By CAROLINA DEL BUSTO
By AMY NICHOLSON
By Amy Nicholson
By Stephanie Zacharek
By Amy Nicholson
By Alan Scherstuhl
By Stephanie Zacharek
By JOEL BEERS
Newport Beach legend has the city responsible for Wayne's stellar film career. Marion Morrison supposedly injured himself bodysurfing at Balboa's Wedge, was forced to quit the USC football team, and later fell into acting and a stage name. But Wayne has made it sound as if the injury came on the gridiron. "If it hadn't been for football and the fact I got my leg broke and had to go into the movies to eat, why, who knows, I might have turned out to be a liberal Democrat," he once said.
The truth is Wayne's politics were all over the map throughout his life. He claimed to have been something of a socialist during his early Hollywood days, and it was only until someone explained what a Democrat was that he switched his party affiliation to Republican. He spoke at one GOP National Convention, but when asked whether another Orange County icon, then-President Richard Nixon, had ever advised him on the making of his films, Wayne replied, "No, they've all been successful." And when Nixon's dirty tricks were exposed, the Duke noted, "I never trust a man that doesn't drink."
John Wayne is Orange County because John Wayne is still here. After dying of stomach cancer on June 11, 1979, he was interred at Pacific View Memorial Park in Corona del Mar. His grave was unmarked for 20 years because of fears Vietnam War protesters would desecrate the site. A bronze plaque was finally put up in 1999, but his tombstone did not read what he had requested: "Feo, Fuerte y Formal," a Spanish epitaph meaning he was ugly, strong and had dignity. Instead, his family pulled a quote from Wayne's 1971 Playboy interview: "Tomorrow is the most important thing in life. Comes into us at midnight very clean. It's perfect when it arrives and it puts itself in our hands. It hopes we've learned something from yesterday."
Whoever curated the festival's selected screenings obviously understands that John Wayne the man is not nearly as important to the American psyche as the characters John Wayne portrayed. Kicking things off is True Grit (1969), which finds a young tomboy of a girl recruiting a tough old lawman to avenge her father's death. Wayne received his only Academy Award for playing Marshal Rooster Cogburn despite serious competition from Dustin Hoffman and Jon Voight (for Midnight Cowboy, a film the Duke loathed), Peter O'Toole (Goodbye Mr. Chips) and Richard Burton (Anne of the Thousand Days), who Wayne is alleged to have later tossed his Oscar to and telling, "You should have this, not me." And who originally handed Wayne that statuette? None other than Barbra Streisand. Imagine that.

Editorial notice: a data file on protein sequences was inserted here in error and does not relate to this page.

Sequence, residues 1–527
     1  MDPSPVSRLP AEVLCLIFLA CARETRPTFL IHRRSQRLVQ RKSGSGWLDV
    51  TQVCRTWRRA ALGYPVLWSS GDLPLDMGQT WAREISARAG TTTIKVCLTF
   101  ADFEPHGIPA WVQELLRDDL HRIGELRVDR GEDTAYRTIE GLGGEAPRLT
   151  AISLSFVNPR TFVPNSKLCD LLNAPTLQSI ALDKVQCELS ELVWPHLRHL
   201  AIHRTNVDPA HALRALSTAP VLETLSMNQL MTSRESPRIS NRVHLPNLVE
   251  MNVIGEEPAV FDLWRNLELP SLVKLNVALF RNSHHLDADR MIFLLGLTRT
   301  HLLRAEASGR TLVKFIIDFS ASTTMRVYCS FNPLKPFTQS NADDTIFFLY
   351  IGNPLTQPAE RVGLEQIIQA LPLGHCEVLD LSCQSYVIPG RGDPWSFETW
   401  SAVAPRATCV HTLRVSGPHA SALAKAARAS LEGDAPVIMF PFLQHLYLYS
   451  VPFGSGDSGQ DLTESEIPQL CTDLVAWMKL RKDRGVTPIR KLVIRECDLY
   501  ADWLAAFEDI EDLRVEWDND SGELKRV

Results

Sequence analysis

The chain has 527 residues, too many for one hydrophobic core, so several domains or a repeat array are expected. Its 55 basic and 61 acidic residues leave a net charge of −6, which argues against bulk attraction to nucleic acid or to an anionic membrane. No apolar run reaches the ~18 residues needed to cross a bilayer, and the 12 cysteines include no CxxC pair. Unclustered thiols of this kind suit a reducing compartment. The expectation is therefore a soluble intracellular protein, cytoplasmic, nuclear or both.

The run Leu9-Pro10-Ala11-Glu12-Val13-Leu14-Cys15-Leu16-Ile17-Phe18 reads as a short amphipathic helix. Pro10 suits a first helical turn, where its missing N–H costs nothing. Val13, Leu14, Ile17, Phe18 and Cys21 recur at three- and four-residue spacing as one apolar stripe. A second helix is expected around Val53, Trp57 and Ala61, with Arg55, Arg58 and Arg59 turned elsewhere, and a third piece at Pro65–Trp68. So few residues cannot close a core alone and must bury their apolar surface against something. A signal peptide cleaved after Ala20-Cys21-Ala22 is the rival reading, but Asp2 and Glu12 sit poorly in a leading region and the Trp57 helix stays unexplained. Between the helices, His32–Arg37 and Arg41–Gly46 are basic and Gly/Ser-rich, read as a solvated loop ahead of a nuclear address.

Wayne's acting was never really respected by critics because he always essentially played himself. But others—including the director most associated with him, John Ford, famous acting teacher Lee Strasberg and Wayne's Rooster Cogburn co-star Katharine Hepburn—all said it was his naturalness at reacting on camera that made him extraordinary. "I was never quite sure what he did think of me as an actor," Wayne said of Ford. "I know now though. Because when I finally won an Oscar for my role as Rooster Cogburn in True Grit, Ford shook my hand and said the award was long overdue me as far as he was concerned. Right then, I knew he'd respected me as an actor since Stagecoach, even though he hadn't let me know it. He later told me his praise earlier, might have gone to my head and made me conceited, and that was why he'd never said anything to me, until the right time."
Ford's Stagecoach (1939), the next Newport screening, featured Wayne as the Ringo Kid, his Hollywood breakout role. (Another local connection: the film's leading lady, Claire Trevor, was the stepmother of The Irvine Co. chairman Donald Bren.) It's the story of disparate passengers riding in the same stagecoach and withstanding a brutal attack by injuns. Barry Goldwater reportedly visited the set, beginning a long friendship with Wayne.
Next up is Rio Bravo (1959), a film by another legendary director, Howard Hawks. Wayne plays a small town sheriff trying to keep a powerful rancher from busting his murder-suspect brother out of jail. Because some of Wayne's films in the '50s weren't making bank, the studios started pairing him with teen idols like Fabian, Frankie Avalon and, in Rio Bravo, Ricky Nelson.
Sands of Iwo Jima (1949) was the only other film to garner Wayne an Oscar nomination and one of seven in which his character gets (spoiler alert!) killed. The scene where he gets it is pretty hammy, too. Otherwise, Allan Dwan's film where Wayne plays an embittered Army sergeant who takes his misery out on his men is not too shabby. When Wayne was honored with a square at the Grauman's Chinese Theater, the sand used in the cement was said to have been brought in from Iwo Jima.
In Ford's 1952 drama The Quiet Man—which the festival is presenting as this year's Irish Spotlight film—Wayne plays American boxer Sean Thornton, who returns to his native Ireland and pursues a poor-but-beautiful maiden played by Maureen O'Hara. I found the film rather slow, but it's a favorite of Wayne's grandson, Father Matthew Munoz, an Roman Catholic priest who has served in Orange County. "My mother was in The Quiet Man, as was Maureen O'Hara," Munoz told an Orange County Register interviewer years ago. "Maureen was at my ordination and is a wonderful Catholic woman. She was a good friend to my grandfather and was a positive influence." Wayne converted to Catholicism on his deathbed.
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